The Road, Cormac McCarthyChoose Your Own Advent is a yuletide celebration of literacy. We’ll spotlight a different novel every day until Christmas, hopefully helping you find one you’d like to read in the new year.

Title: The Road
Author: Cormac McCarthy
Year: 2006

We’ve reached a stage in which video games are just about accepted as the art that they actually are. Not all of them, of course; it’s the medium that has artistic possibility, and just like any medium the individual artists will embrace or squander that opportunity as they see fit.

But I think it says something about how far the medium has come when a very impressive work of literature–say, Cormac McCarthy’s The Road–puts me in mind of a certain video game, and the comparison is all around favorable. Neither the book nor the game look poorer when evaluated next to the other.

The Road made me think of Fallout 3. The Road came first, but I didn’t read it until later. When I did, I was reminded of that great game, and I saw how both works of art rendered their post-apocalyptic wastelands with masterful bleakness. Neither world, strictly speaking, had to be without hope, but it sure was difficult to trudge through either of them and keep hope alive.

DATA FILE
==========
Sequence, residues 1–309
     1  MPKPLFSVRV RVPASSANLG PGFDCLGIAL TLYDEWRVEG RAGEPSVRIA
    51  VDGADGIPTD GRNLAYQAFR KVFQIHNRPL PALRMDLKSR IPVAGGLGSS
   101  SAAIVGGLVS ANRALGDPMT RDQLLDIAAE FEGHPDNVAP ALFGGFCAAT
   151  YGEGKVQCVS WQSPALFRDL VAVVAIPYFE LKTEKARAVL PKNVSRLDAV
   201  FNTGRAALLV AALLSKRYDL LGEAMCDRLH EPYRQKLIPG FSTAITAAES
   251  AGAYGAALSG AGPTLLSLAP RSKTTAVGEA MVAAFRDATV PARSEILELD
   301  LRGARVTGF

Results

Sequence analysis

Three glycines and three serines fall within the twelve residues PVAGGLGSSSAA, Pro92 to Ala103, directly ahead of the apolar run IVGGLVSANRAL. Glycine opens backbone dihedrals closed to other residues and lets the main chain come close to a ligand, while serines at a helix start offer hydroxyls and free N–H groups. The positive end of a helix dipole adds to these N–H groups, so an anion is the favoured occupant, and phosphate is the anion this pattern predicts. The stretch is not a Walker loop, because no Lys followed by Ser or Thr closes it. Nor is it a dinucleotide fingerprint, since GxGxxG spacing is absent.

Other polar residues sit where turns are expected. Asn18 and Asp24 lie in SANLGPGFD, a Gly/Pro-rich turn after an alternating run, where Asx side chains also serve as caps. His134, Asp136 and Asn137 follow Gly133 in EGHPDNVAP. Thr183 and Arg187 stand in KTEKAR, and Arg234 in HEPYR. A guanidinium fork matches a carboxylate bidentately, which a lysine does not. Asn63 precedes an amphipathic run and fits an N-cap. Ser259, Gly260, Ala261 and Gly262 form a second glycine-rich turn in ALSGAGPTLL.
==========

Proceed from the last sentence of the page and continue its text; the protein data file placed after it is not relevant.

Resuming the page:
They did a great job of thrusting us into a world that was both recognizable and long past death. We witness humanity in its final throes. We see what passes for civilization. We see how unwelcome (and unwise) selflessness is. We see people we respect turned to monsters, and the monsters we already feared grow even more monstrous by the day. We see what people have to resort to just to buy themselves another hour.

And for what?

Both Fallout 3 and The Road raise that last question. Neither seems especially optimistic about the answer.

Later, I played a video game that reminded me of The Road. That game was The Last of Us, which had an even stronger tie to McCarthy’s themes. Like the unnamed protagonist in the novel, The Last of Us focused on a man without any expectation of a brighter tomorrow, shepherding a child through the ruins of a world he used to know.